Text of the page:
So what's your best bet? Determine as best you can a reputable dealer who will appraise your coins-for a fee, of course. Ask him to make the appraisal on their value to him, as a dealer. While the percentage fee is slightly higher on this type appraisal, you will be getting not only an expert's statement as to value, but a firm offer to buy.

You may be shocked at the lowness of the appraisal figure, or delighted by its size. But you'll be certain of one thing: the next reputable dealer, down the street or across town, won't vary more than a percentage point or two from that honestly-appraised price.

A word of caution: Before you take on your selling trip, don't attempt to improve on the appearance of your coins. They may look dull; don't attempt to shine them. Always remember that your best-intentioned efforts cannot improve the coin's value one bit. Instead, you may damage it and actually lower its grade and value materially.

Never try to clean a coin in any way if you plan to sell it. The buyer, whether he's a dealer or collector, does not object to a dull-appearing coin; in fact, this evidence of age, known as patina in some cases, is most desirable. Let's look in on a coin dealer as he encounters a man who has a shiny coin he'd like to sell. Only someone has "played with the coin" and attempted to cover up the aging and wear and tear that come naturally to everything-coins as well as humans.

"I got something good I want to show you."

There was the air of the gambler about the man. His suit was just a bit too sharp, his manner too breezy. The dealer recognized the type and prepared to take the whole thing in stride.

From an inside pocket, the man took a folded bit of paper. Elaborately he opened it. The dealer indicated a velvetcovered tray and the man ceremoniously placed the gold dollar on it.

"Know what that is?" he demanded.

"Of course. It's a gold dollar," answered the dealer patiently.

"Ever see one brighter and shinier? It's just like it came from the mint. Notice the date-it's a good one-1870. Know how many gold dollars were made that year?"

The dealer gave a tired smile.

"Offhand, I don't recall the exact mint figures for that year."

"They turned out 6,300 of these gold dollars in 1870 - just exactly 6,3oo-not one more." The visitor paused. The dealer didn't appear impressed. Finally, he said:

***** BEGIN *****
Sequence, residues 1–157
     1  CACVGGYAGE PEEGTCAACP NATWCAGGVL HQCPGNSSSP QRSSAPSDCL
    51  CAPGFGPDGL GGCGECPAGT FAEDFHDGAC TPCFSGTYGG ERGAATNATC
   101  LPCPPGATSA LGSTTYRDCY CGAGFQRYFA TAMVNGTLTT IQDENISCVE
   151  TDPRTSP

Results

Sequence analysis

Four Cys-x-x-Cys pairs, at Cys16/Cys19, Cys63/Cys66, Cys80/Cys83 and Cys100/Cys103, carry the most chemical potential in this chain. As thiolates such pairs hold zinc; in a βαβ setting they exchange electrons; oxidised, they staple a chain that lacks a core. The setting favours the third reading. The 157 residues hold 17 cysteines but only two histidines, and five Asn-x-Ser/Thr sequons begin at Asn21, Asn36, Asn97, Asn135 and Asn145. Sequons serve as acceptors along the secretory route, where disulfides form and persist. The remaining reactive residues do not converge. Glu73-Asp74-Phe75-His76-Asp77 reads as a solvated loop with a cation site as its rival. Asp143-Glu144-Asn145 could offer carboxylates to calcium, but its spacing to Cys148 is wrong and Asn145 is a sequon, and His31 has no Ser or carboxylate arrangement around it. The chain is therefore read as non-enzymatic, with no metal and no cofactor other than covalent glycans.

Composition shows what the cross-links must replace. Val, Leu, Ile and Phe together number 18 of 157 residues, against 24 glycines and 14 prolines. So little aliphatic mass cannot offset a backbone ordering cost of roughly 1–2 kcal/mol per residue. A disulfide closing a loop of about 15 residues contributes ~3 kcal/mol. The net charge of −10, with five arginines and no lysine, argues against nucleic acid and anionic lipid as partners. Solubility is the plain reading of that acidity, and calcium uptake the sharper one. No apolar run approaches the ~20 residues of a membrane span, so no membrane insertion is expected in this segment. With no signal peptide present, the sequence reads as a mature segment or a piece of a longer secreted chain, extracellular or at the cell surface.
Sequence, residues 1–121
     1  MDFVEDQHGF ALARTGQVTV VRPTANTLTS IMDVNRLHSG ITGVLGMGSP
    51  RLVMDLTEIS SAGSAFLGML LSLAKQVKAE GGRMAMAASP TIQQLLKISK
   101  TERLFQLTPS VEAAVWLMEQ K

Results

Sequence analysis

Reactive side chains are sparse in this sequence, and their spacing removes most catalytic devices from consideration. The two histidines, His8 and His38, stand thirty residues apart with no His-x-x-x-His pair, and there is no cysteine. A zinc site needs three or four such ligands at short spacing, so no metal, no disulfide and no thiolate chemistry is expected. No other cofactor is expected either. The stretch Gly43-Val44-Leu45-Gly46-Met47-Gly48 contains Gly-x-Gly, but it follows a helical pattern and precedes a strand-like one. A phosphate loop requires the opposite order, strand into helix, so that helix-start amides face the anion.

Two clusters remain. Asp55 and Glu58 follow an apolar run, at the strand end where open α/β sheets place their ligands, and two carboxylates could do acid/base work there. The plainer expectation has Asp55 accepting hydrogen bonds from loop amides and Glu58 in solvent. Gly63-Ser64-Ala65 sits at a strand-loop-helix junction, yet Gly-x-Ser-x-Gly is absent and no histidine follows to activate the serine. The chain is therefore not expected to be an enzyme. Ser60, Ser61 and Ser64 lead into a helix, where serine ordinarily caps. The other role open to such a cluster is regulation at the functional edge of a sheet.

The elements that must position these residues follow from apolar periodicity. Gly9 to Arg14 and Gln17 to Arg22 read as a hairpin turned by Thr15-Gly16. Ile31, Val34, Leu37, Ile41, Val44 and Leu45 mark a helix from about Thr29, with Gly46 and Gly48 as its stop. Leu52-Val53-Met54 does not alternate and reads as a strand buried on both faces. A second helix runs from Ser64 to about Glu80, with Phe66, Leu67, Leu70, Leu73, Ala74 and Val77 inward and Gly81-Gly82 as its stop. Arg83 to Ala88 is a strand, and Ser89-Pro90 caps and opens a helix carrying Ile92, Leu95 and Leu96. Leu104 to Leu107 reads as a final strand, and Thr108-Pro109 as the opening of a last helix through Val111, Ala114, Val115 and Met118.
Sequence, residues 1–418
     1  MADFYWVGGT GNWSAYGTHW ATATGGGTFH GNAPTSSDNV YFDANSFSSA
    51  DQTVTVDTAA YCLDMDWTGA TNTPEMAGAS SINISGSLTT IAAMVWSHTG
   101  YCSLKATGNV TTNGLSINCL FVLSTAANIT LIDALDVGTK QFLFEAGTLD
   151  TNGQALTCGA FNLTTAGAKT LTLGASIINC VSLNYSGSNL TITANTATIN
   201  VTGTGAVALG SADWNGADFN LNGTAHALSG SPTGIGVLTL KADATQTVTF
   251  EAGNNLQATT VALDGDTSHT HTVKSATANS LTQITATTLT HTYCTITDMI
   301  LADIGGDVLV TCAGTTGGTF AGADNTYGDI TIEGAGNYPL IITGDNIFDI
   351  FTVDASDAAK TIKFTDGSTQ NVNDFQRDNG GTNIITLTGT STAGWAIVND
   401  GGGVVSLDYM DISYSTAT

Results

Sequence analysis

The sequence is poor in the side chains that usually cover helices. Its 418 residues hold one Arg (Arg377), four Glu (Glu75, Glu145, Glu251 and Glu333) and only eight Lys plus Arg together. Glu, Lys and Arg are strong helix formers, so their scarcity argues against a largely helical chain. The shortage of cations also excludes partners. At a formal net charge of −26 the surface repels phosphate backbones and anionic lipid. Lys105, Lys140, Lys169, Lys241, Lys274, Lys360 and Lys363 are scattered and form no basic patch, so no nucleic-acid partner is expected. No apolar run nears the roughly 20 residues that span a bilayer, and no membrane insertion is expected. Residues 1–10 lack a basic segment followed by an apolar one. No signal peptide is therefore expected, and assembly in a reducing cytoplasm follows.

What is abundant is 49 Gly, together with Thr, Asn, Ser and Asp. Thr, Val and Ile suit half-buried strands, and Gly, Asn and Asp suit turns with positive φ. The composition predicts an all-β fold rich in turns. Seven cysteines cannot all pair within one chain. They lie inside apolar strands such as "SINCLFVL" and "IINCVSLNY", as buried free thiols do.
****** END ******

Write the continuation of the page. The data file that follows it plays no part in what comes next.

"So what'll you give me far that brand new dollar?"

"In the first place," began the dealer, "the coin is not brand new."

"Why!" the man exploded. "It's as bright and shiny as it ever was."

"Maybe it looks that way to you."

"It has a very high catalog value-$100 in Uncirculated - and over $200 in Proof. Maybe this is a Proof, huh?"

"It's not a Proof and it certainly isn't Uncirculated now." "How can you tell?"

"Many ways; but the easiest is simply by the amount of wear on the coin. The high points are entirely smooth, and--"

The man interrupted:

"You mean, I got stuck? I didn't get a bargain? The fellow who sold it to me said it was a darn good coin."

"It was-once. I don't know what you paid for it, but--" "I gave this fellow $50 for it."

"Well, I'm afraid I'd have trouble selling it for more than $5."

The man looked down at his gold dollar, then picked it up.

"But tell me-how come it looks so brand new?" "Someone buffed it-probably used jeweler's rouge on it. Trying to make it look young again, they ruined it."

"Oh, well," said the man, as he pocketed the coin, "guess I better stick to horses-you're always fairly sure how old they are."

So, if your coins look a little old and dirty, leave them that way.

Among the do's and don'ts you should follow if you want full value from your coins:

Don't use an eraser to brighten a silver coin. Sure, it makes it look shinier, but that shine won't fool any coin expert into thinking your coin is fresh from the mint.

Leave copper coins as you find them. A household cleanser, while it will brighten copper coins and make them shine, gives them an unnatural color that fools no one and even makes them undesirable to many.

Avoid jeweler's rouge and the buffing wheel as you would the plague. They'll make the worn spots even more prominent.

If eventually you should become a coin collector and have a certain piece you think might be improved by careful cleaning, don't try to do it yourself. Take it to an expert who can advise whether the coin can be cleaned successfully, whether its value will be improved thereby, and how much the job will cost you.